Thursday, November 22, 2012

Banks of Green Willow George Butterworth Complete Living in a Beauracratic Age

Some anglers experience fishing as a get away. Isaak Walton, author of The Compleat Angler in 17th century Britain, wrote "Let us go a fishing," as it was a way to exit the turmoil of his times between Protestant and Anglican Christianity, an all out civil war. I live my life as seamlessly as possible rather than compartmentalize it as if my mind were a beurocrat in charge. Modern people typically fragment themselves into conflicting interests as confused as Congress. Rather than separate fishing from the rest of my life, I consider the crisis of civilization we all live through now and simply recognize that nature is not and never has been a place apart from what we produce. Even Neolithic man a hundred thousand years ago impacted the environment deeply by use of fire to aid in hunting. When I was very young, ten years old, I had an obsessive desire to experience pristine wilderness. The way I worded this: Nature completely untouched by the man made. I spent plenty of time in wild places, but in this respect I seemed to spend more time very deep in my own mind attempting to imagine a perfectly pristine place, but actually discovering the purest reality that exists: the untrammeled human spirit. No better purity exists than within the being responsible for spoiling the environment. The dull theme of so much environmentalism--that man is an evil, destructive being--is not true.
 
George Butterworth is another British figure associated wtih war, having died fighting in World War One. His best known musical composition, Banks of Green Willow, expresses what it is to be an eternally youthful angler better than any other music I know. I hear no longing or yearning in the music; it is entirely present as if a goal inherant in all eternity is reached. The clarinet is subtly distant, as if a slow breeze is heard around a stream bend. The flute solo, following, is the very soul standing in open air sunlit on banks of green willow.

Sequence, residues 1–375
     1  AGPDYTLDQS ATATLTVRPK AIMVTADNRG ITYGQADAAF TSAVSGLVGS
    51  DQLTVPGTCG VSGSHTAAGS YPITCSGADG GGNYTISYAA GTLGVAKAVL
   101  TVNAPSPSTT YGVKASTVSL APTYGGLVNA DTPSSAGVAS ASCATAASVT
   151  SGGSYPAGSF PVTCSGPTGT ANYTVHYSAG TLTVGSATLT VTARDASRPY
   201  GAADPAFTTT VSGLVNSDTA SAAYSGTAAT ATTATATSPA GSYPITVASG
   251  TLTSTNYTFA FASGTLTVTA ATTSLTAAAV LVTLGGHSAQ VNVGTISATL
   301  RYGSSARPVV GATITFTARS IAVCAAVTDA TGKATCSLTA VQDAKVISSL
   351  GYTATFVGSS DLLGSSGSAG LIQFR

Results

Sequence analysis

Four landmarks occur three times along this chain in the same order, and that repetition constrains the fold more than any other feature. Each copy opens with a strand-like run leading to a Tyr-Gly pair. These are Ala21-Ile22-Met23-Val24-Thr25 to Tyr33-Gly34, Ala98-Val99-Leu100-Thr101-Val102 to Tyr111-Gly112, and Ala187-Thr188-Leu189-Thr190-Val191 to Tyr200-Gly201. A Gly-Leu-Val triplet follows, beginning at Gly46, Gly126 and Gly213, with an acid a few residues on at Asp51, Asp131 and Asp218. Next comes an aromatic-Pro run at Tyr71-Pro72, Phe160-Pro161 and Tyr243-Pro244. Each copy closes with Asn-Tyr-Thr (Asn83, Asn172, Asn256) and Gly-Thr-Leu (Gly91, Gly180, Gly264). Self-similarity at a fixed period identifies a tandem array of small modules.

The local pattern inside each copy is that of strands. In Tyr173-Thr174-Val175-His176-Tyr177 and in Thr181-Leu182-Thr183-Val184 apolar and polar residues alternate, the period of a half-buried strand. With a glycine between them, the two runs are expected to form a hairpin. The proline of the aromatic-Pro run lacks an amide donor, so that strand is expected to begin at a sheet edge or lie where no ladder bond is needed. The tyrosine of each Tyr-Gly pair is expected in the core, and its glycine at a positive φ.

Existence cannot come from nothing; present time always implies past and future. So existence is eternal. The flute solo in Banks of Green Willow sounds like something that can happen not once, but over and over again, eternally possible. The earth is sometimes referred to mysteriously as this earth, as if planets like it can happen again and again forever, even if separated by whole, recurrent universes, trillions of years. What is a trillion years to eternity? The important value is your own life. If you don't live it now, will you live it a trillion years in the future?







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